The EXPO 2010 in Shanghai, China, runs from 1 May to 31 October this year and the main theme is “Better city, better life.” It will highlight the global public attention on the rapid urbanization problems and tries to look for solutions. EXPO’s theme reflects mankind’s desire for a better life in the future urban environment – in 1800, 2 per cent of the world’s population lived in a city, 29 per cent did in 1950 and in 2010 the United Nations estimates the urban population share of the total to be 55 per cent. At EXPO, Estonia is portraying itself as a small and innovative Nordic country that wants to help people arrive at better solutions through improving environments for living and creativity. The organizer of Estonia’s participation at EXPO 2010 is Enterprise Estonia.
According to Enterprise Estonia’s director of marketing and communications, Erki Peegel, Estonia will unveil an interactive pavilion (ca. 1,000 sq m) that calls on people to join in an initiative to “save” the world’s cities. “The pavilion will allow people to make their voice heard regarding urbanization, encouraging all visitors to think about and look for solutions to topics related to growing cities. The Estonian pavilion will literally be clad in bright folk costume, distinct from the other Nordic pavilions (Finnish, Swedish, Danish and Norwegian) and their more modest shades of colour. An Estonian flag on the roof of the pavilion will wave on Google Earth. Inside, an art installation offers participatory possibilities. Situated throughout the entire pavilion are giant piggy banks that will fill up with good ideas from visitors for making the world’s cities better. The big screen in the pavilion will demonstrate to visitors what the world’s best city is like,” says Peegel.
“The last few decades have seen an increase in community-oriented thinking worldwide. The greater level of civic association stems from a desire to do something to make living environments better. Community networking is facilitated by modern information technology solutions – the Internet, and the online telephony application Skype, which was developed in Estonia and continues to be based in the Estonian capital, Tallinn,” he says.
Seedbed of the global debate
Peegel points out that Estonia has put into practice a number of initiatives worth sharing with the world. Consider the “Let’s Do It” campaign in 2008, when 50,000 volunteers took part in a rubbish cleanup event nationwide. Valuable experience has been shared on the global arena – similar actions have been carried out in India, Italy, Portugal, Slovenia and Romania, among other countries. In 2009, people turned out en masse for nationwide brainstorming sessions on how to improve governance and make life in society better – a valuable exchange of experience that instilled self-confidence and spawned many new initiatives.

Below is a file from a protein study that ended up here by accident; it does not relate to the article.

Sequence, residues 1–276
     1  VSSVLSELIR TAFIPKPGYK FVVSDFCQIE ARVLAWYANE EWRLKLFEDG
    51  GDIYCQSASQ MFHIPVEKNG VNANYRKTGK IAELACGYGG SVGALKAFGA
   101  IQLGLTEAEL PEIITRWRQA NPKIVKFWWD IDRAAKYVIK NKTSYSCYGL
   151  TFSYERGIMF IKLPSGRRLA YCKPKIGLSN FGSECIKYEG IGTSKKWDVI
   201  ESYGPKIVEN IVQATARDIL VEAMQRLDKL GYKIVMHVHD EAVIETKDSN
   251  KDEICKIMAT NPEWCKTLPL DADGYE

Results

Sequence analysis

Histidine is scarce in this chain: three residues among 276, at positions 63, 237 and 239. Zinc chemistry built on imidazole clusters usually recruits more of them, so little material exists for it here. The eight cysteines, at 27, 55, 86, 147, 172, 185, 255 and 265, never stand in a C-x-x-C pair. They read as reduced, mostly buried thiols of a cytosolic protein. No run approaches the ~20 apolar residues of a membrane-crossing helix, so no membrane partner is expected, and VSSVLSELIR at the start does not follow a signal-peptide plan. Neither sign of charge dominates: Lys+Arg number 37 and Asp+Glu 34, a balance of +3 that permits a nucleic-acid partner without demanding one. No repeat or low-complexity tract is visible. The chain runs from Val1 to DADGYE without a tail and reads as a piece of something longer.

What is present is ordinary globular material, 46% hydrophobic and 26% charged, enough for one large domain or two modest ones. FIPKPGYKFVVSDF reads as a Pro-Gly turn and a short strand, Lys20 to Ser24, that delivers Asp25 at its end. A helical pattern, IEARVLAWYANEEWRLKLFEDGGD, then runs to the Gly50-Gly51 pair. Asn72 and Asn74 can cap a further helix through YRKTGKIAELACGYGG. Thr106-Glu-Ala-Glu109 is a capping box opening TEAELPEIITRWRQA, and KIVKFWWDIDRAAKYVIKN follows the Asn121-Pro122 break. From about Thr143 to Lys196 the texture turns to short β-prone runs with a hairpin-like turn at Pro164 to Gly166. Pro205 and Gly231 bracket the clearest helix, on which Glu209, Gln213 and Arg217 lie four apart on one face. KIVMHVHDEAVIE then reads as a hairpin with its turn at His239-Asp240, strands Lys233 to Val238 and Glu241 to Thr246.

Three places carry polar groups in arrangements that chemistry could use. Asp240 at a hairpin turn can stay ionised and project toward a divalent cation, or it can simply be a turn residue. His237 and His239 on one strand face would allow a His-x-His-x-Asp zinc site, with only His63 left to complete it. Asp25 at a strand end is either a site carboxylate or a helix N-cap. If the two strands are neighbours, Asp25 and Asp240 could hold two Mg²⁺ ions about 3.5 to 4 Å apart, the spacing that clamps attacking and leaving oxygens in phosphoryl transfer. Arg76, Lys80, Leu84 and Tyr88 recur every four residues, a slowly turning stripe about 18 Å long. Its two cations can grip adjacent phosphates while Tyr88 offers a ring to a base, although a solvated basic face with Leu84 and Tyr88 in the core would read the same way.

“The Estonian pavilion’s seedbed for global synergy is an online interface called SAVECITY.ORG. It is dedicated to gathering good thoughts and ideas and sending them to different cities. Ideas and solutions will be posted on the portal for exchanging and developing experiences. For instance, a city with a problem of rubbish left on the streets might learn from the positive experiences of another urban area,” explains Peegel.
“SAVECITY.ORG also provides a way for those who cannot make it to Shanghai to address issues concerning their home towns and other cities. And to allow visitors to continue to communicate and exchange positions, the portal boasts a forum categorized by topic and city, where visitors can interact and comment,” Peegel adds.
“One of the portal’s central goals is to use a community-based mindset to improve the situation in the world’s cities. Part of the interface focuses on offering a means for creating and administering efficient communities of engaged people all over the world – people who will continue to keep these virtual cities active even after the EXPO closes in October 2010.”
Increasing interest in Estonia?
“EXPO is not a trade fair, but is an event for introducing different countries. It will not put too much emphasis on what someone has to sell. Estonians, however, built a small conference room by their pavilion where universities or companies can look for customers and partners,” Peegel admits.